In addition, the Williams Act requires that an individual wishing to offer cash tender of 15 to 20 percent of the current market price to acquire a corporation must registered under federal law to disclose to the federal Securities and Exchange Commission (SEC). Such disclosures include; source of the money to be used in the offer, existing contractual agreements with the corporation to be purchased, intention of the purchase, and the plans to be implemented upon the successful completion of the tender offer (Miller & Jentz, 2009).

Moreover, disclosures with SEC by an individual wishing to purchase 5 percent of a given corporation should be copied to all national securities exchanges were such stocks are traded to make sure that the information is accessible to investors. Under this law, SEC enjoys legal authority to take legal action against persons acting in violation of the provisions. This includes the use of falsified and misleading statements to gain unfair competition in tender offers. The US Supreme Court has made numerous landmark case decisions regarding insider trading.

During the 1909 case of Strong v. Repide, the court ruled that directors are not bound by the law to provide their knowledge to stakeholders about their actions in buying shares from the company (Macey, 1991). However, in the 1984 case of Dirks v. SEC, the Supreme Court found that third party insiders should be held liable for engaging in illegal insider trading provided it is established that they had reasonable belief that the provider of the information had breached a fiduciary duty in the process (Macey, 1991). Such are also applicable if the tipper is found to have gained personal benefits from the receiver upon disclosure the confidential company information.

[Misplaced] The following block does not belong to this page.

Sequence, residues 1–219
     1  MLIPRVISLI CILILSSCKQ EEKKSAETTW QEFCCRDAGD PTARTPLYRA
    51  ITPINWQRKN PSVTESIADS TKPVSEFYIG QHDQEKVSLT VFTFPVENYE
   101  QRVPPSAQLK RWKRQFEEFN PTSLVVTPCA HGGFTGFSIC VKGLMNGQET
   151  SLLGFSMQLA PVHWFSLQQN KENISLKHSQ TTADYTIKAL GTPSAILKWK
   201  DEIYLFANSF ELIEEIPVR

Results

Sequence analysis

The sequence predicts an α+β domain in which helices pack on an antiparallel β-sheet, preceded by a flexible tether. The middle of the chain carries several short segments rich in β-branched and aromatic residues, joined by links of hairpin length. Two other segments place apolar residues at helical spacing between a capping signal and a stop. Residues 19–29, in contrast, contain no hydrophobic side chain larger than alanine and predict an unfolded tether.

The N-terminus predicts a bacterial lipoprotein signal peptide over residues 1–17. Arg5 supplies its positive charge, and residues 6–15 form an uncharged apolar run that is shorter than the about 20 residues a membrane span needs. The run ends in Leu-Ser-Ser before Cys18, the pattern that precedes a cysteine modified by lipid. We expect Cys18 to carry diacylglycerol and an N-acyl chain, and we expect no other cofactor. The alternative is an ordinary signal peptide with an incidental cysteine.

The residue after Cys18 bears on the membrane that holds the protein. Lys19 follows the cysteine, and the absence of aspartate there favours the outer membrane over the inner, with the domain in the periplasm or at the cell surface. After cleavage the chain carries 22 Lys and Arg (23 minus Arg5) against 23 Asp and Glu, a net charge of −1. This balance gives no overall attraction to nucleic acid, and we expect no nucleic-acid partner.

Further, the ruling in the Dirks v. SEC case led to the establishment of the concept of constructive insiders. According to the court, constructive insiders include members who gain access to non-public information from a corporation while providing it with services.

Such include; lawyers and bankers among other. The court held that constructive insiders are liable of violations of insider trading since their duties dictate against disclosure of their client’s confidential information. Another landmark case regarding insider trading is the United States v.Carpenter case of 1986 in which the Supreme Court upheld the concept of misappropriation of information as an insider trading violation (investigator general zambia, 2009).

From the facts of the case, the defendant was conviction for insider trading violations after acquiring non-public information from a journalist. This court argued that acquisition of information through a confidential relationship with another individual amount to a breach of fiduciary and the individual must account for any benefits gained from the information.

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